Labs and Golden retrievers are famously friendly. They are affectionate housemates who bond with the whole family, and they socialize well with neighbor dogs and humans alike. Both are exuberant, very energetic breeds that can be mildly protective and usually bark only when necessary.

Early socialization and puppy training classes are vital with the Lab’s physical strength and high energy level. They don’t know their own power and can cause harm on accident sometimes.

Gently exposing the puppy to a wide variety of people, places, and situations between the ages of 7 weeks and 4 months and beginning obedience training early on will help him develop into a well-adjusted, well-mannered adult.

Puppy training classes serve as part of the socialization process and help the owner learn to recognize and correct any bad habits that may be developing. Obedience training strengthens the bond between dog and owner.

  • Labs are devoted, intelligent, and enthusiastic companions who need to be included in family activities.
  • Golden Retrievers are outgoing, loyal, and eager to do your bidding, which makes them very easy to train.


Both of these dog breeds are smart and eager to please. This makes them fairly easy to train. Check out our Guide to Training a Golden Retriever. You can apply almost everything in that guide to the Labrador as well.

Color & Grooming

The Labrador has a short, thick double-coat, which requires grooming regularly. Like all breeds, their nails need to be trimmed regularly and bathed around 2 times a month.

This breed sheds heavily and will need to be brushed often. The shedding can trigger allergies and may require consistent vacuuming and lint-rolling.

Labs’ colors vary between black, light to dark chocolate, and yellow. Purebred labradors will have one color completely covering their entire body with an allowance for white hairs due to aging. This breed is also less prone to drool from everyday activities.

The Golden retriever heavily sheds their thick, water-repellant double coat once or twice a year. They also shed more moderately on a continuous basis which requires a good brushing-out with a slicker brush once or twice a week which will remove much of the dead hair before it has a chance to fall onto the furniture. During times of heavy shedding, these brushing sessions turn into daily affairs.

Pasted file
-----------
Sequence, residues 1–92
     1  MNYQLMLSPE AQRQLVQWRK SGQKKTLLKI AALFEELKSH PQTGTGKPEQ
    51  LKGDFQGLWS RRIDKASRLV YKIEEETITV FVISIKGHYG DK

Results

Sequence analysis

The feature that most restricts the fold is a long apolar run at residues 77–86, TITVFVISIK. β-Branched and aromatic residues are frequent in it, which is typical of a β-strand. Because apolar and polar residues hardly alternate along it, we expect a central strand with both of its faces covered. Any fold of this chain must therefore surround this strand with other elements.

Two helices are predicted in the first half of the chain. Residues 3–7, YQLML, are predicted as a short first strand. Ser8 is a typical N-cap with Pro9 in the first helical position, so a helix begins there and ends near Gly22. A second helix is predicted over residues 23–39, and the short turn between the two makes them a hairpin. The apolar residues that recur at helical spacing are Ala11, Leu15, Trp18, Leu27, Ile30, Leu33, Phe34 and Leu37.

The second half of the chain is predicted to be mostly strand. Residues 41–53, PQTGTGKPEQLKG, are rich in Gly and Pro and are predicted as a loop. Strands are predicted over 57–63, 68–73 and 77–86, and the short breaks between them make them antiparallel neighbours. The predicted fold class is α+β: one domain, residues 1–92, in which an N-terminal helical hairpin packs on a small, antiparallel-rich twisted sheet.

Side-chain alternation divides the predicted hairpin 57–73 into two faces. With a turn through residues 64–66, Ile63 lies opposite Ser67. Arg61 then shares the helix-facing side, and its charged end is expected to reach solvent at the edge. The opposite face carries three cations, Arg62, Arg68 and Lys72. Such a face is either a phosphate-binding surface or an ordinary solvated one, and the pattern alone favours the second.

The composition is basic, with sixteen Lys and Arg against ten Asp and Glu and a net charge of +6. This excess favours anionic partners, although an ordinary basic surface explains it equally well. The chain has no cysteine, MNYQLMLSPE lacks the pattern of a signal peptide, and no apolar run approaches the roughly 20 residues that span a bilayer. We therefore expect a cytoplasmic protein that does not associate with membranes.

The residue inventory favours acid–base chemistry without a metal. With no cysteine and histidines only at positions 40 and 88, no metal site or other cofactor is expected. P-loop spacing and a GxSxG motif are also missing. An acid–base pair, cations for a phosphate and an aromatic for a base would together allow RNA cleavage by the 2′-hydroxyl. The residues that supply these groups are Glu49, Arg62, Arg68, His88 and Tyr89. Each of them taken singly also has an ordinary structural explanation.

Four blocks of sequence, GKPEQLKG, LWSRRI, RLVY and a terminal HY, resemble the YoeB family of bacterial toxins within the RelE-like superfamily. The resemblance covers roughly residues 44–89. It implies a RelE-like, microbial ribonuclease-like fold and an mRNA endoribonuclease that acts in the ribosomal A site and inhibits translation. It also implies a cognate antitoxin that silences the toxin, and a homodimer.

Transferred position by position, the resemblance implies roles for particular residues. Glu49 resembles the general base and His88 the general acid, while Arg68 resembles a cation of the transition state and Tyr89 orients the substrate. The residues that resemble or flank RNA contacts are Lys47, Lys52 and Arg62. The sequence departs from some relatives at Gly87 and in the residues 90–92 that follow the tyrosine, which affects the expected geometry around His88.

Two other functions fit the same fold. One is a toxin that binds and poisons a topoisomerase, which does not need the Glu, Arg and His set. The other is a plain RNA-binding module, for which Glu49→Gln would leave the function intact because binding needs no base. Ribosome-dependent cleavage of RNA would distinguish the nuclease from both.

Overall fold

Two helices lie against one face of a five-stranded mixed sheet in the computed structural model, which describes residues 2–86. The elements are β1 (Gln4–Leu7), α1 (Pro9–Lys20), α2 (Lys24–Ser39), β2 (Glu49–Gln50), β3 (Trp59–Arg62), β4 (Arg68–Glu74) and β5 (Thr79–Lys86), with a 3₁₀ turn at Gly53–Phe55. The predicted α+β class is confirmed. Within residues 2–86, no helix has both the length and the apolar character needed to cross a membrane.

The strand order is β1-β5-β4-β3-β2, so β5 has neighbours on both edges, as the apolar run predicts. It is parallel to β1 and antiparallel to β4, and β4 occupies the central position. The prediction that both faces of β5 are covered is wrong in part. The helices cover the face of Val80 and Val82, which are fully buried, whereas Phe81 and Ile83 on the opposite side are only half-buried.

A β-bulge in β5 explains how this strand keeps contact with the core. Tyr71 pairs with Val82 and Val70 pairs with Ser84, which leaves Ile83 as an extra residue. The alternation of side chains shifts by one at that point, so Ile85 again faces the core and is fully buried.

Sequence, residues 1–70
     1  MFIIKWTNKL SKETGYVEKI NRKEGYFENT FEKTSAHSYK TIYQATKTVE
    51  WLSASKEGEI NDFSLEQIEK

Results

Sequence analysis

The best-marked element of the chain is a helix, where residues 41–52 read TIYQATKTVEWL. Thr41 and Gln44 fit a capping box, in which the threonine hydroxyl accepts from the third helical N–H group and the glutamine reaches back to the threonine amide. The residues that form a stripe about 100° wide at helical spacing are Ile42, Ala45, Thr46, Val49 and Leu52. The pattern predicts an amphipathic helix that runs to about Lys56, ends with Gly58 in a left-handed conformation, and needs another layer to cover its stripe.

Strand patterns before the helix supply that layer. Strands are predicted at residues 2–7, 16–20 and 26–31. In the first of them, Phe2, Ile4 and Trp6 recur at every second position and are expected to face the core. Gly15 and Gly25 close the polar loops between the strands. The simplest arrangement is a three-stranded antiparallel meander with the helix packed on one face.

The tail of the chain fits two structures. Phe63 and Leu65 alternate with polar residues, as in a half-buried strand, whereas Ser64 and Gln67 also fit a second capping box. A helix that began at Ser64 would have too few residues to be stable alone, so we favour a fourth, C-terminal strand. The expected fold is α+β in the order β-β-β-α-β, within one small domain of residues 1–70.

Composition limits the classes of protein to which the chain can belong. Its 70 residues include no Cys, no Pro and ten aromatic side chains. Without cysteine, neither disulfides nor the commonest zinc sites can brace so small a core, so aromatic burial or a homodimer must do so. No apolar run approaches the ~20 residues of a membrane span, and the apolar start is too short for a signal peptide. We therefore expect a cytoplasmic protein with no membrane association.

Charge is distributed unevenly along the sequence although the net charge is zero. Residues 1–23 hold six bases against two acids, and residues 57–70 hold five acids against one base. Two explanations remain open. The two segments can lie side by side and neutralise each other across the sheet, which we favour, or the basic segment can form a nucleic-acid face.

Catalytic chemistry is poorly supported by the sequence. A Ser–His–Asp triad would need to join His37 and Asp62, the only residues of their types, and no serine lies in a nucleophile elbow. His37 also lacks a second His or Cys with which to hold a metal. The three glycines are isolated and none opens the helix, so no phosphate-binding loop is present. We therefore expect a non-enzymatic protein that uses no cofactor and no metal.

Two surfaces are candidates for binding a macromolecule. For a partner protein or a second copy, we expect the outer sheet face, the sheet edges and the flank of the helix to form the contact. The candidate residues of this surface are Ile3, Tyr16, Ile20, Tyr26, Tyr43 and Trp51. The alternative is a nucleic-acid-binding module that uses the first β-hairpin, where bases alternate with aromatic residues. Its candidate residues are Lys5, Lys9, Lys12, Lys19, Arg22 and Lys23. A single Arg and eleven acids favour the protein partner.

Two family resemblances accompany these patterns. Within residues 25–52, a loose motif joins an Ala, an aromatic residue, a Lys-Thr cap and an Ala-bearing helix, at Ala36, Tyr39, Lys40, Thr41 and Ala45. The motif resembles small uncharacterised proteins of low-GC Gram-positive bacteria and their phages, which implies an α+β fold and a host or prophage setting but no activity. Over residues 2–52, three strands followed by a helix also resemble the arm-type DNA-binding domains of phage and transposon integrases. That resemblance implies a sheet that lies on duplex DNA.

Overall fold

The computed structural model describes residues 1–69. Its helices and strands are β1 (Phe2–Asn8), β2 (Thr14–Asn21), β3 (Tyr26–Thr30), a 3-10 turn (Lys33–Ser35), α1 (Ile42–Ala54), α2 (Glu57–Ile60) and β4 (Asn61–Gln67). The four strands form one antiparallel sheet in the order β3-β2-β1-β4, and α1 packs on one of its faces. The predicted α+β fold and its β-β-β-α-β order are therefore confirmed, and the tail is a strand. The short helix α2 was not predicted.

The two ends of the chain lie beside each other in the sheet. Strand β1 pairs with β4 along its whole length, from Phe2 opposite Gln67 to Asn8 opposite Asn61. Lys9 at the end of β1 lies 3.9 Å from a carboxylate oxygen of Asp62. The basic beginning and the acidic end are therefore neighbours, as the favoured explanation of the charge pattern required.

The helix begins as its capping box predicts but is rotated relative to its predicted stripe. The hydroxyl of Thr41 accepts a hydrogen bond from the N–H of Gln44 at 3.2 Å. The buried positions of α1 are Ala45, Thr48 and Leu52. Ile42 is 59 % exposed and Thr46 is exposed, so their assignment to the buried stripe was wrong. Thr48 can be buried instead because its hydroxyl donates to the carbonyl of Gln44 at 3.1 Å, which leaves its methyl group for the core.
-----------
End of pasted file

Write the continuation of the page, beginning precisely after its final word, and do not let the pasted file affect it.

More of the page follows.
Baths help to loosen the dead hairs, but the dog must be completely dry before brushing begins. Otherwise, Goldens only need occasional baths to keep them clean. Golden’s nails should be trimmed regularly. They are also less likely to drool from everyday activities.

Purebred Golden retrievers vary only in their golden shades, ranging from light gold-dark gold allowing for white hairs due to aging. Any mixture of colors disqualifies these dogs for purebred classification.


The Labrador Retriever and Golden Retriever should do well with high-quality dog food, whether commercially manufactured or home-prepared. Any diet should be appropriate to the dog’s age (puppy, adult, or senior).

Retrievers can be prone to getting overweight, so watch your dog’s calorie consumption and weight level.

Treats can be an important aid in training, but giving too many can cause obesity. Give table scraps sparingly, if at all, especially avoiding cooked bones and foods with high-fat content. Learn about which human foods are safe for dogs, and which are not.

Check with your vet if you have any concerns about your dog’s weight or diet. Clean, fresh water should be available at all times especially considering their activity level.


Both the Labrador and the Golden Retriever are favorite choices for families. There is a reason they are both in the top 5 dogs that are owned every year. Many people even have one of each.

For more information on Labrador Retrievers consider visiting the Labrador Retriever Society.

If you enjoy learning about the Golden Retriever, be sure to visit our other articles discussing their breed. We just LOVE them, and I’m sure you will too!

Dr. Anne Traas

Anne Traas, DVM, MS, Diplomate ACT is a veterinarian and the new President of Golden Retriever Society. She is board certified (a specialist) in canine reproduction. In her day job, she is a leader in a small biotech where she and a team of veterinarians and scientists work to develop new medications for pets. She enjoys sharing her knowledge of this wonderful breed of dogs. She and her husband have 2 children, 3 dogs and one cat. They love camping and hiking and she can often be found with her head in a good book.